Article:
I have posted my latest article, Justify Delay: Why Agencies Delay Compliance Dates and How They Do It, to SSRN. This article was presented at the Journal of Regulatory Compliance’s 2018 symposium.
Every administration since President Reagan has used compliance delays to postpone the implementation of midnight rules promulgated by the outgoing administration. Recent cases involving the Trump Administration’s delay of Obama Administration rules have reinvigorated courts’ interests in whether such delays require notice and an opportunity for comment under the Administrative Procedure Act (“APA”). Some scholars have written about why incoming administrations use compliance delays to prevent implementation of the previous administration’s “midnight rules.” These delays are often cast as a precursor to repeal, engendering fears that the now-postponed final rule will be reversed. Yet a more overarching discussion of compliance delays is largely absent from the literature.
This Article seeks to fill the literary void with two arguments. First, I argue that compliance delays serve a healthy role in the regulatory process. Part I provides a case study of the Food and Drug Administration’s (“FDA”) Menu-Labeling Rule. Using this case study and other examples, Part II builds a typology of five justifications used by agencies when implementing compliance delays. Part III recognizes that an agency’s justification may not equate to its reason for delay and, therefore, briefly examines how external pressures may distort these justifications. In a brief interlude, I conclude that compliance delays are a valuable procedural tool that leads to additional transparency and responsive governance.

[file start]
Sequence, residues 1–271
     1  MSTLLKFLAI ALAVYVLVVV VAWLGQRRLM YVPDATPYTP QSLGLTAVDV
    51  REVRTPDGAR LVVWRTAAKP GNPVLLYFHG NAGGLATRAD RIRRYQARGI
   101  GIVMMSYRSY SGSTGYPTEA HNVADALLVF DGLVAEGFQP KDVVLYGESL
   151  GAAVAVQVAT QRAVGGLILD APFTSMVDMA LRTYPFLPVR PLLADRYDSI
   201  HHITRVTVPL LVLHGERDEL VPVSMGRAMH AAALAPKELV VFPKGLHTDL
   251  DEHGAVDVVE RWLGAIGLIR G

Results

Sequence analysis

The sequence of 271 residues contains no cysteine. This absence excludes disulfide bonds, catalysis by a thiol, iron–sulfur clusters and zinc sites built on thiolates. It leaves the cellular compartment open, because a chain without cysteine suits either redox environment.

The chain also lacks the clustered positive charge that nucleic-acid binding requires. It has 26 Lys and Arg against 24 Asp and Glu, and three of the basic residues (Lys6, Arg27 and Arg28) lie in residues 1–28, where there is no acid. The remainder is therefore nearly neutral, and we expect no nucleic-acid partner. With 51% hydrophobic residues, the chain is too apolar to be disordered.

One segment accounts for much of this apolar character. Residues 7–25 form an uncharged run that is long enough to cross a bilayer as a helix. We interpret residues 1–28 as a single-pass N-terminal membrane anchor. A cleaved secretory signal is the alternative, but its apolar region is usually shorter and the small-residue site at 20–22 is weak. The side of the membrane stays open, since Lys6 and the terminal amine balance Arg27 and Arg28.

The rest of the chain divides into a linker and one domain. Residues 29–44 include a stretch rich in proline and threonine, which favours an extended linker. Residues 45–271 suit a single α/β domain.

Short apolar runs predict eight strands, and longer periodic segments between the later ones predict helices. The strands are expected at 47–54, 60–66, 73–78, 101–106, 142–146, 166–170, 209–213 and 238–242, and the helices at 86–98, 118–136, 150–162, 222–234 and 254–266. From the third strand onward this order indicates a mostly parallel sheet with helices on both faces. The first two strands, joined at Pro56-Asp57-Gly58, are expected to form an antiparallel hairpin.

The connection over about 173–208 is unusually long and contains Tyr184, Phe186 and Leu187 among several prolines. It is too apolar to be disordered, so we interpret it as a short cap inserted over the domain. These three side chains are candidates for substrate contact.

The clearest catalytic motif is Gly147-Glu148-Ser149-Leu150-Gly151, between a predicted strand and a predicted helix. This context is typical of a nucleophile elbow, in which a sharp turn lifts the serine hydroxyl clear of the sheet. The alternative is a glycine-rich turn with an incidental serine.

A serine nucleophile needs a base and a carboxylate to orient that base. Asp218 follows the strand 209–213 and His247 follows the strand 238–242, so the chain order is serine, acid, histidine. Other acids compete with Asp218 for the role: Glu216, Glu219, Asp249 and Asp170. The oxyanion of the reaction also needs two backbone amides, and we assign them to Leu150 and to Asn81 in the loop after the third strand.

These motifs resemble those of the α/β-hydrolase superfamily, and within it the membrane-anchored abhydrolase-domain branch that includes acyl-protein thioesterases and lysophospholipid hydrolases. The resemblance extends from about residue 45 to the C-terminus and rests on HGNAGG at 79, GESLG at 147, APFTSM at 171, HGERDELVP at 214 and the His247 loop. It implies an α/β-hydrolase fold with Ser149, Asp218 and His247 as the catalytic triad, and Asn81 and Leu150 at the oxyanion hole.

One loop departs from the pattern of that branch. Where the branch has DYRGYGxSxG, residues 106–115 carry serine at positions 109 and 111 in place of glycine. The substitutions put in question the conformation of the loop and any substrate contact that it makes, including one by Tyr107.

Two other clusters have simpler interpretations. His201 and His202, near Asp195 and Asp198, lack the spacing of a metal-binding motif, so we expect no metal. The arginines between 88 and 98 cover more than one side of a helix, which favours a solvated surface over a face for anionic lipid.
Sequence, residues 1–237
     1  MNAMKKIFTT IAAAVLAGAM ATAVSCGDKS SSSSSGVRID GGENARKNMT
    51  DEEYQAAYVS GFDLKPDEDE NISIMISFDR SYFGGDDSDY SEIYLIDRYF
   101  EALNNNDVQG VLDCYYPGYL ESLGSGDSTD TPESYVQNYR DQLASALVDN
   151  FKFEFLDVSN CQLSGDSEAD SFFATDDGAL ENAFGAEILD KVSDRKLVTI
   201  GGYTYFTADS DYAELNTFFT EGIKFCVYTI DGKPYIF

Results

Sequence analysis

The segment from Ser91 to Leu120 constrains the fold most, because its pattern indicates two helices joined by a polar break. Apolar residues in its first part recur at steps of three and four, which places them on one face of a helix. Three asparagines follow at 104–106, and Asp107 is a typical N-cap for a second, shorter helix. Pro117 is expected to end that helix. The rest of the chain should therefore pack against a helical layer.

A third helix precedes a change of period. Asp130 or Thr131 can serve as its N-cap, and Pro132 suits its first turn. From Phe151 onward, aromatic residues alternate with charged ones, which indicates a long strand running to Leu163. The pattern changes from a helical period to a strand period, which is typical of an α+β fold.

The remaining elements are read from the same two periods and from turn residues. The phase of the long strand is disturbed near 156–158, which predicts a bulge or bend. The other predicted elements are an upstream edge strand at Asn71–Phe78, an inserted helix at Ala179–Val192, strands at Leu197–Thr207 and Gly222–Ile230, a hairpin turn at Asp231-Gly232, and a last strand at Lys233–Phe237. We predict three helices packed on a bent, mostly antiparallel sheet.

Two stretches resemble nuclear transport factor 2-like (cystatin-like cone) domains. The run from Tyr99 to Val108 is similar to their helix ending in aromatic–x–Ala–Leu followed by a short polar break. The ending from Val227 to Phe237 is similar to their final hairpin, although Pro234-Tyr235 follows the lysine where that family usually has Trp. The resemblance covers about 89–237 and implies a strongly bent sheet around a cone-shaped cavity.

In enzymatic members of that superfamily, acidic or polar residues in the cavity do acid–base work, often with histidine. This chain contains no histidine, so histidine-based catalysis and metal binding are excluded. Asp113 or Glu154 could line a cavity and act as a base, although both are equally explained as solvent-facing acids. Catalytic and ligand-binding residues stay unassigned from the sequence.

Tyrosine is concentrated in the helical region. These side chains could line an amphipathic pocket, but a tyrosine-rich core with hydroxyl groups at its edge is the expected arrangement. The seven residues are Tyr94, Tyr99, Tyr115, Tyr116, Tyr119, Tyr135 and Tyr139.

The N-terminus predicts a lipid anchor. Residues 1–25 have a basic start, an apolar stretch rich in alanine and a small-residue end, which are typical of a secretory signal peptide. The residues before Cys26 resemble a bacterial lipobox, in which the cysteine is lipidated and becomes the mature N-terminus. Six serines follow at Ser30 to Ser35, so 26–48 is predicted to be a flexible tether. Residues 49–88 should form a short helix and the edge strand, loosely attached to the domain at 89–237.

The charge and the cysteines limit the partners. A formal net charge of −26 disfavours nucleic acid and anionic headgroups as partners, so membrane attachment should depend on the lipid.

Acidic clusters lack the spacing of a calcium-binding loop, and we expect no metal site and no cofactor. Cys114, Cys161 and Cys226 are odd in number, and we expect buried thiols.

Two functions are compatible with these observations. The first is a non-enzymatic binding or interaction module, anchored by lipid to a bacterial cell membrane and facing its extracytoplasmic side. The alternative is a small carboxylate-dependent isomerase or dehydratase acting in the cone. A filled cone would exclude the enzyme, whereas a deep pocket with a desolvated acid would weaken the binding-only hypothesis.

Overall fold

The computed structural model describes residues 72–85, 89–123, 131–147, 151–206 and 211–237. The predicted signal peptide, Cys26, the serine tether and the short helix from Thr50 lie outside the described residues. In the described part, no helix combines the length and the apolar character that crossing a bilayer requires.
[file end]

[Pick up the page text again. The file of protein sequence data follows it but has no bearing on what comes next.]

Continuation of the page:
Second, I consider what procedures agencies should be required to use to delay compliance dates. Part IV presents two options—“delay rules” and “enforcement delays”—and the drawbacks of each. Delay rules officially amend compliance dates. However, recent case law suggests that delay rules must be implemented through notice-and-comment rulemaking. In contrast, an agency using an enforcement delay will allow the compliance date to elapse but choose not to enforce the rule for a certain period of time. Courts are critical of enforcement delays, which may lead agencies to implement the policy secretly, only allowing its existence to be leaked in ex parte communications. Part IV concludes by suggesting that agencies will choose enforcement delays over delay rules to avoid the resource costs of notice-and-comment rulemaking.
The conclusion synthesizes these two arguments and suggests that the choice between delay rules and enforcement delays is one of procedure or transparency. If agencies select enforcement delays, the benefits of increased transparency and responsive governance disappear. I argue in favor of transparency, concluding that delay rules should be exempt—in one form or another—from APA rulemaking requirements.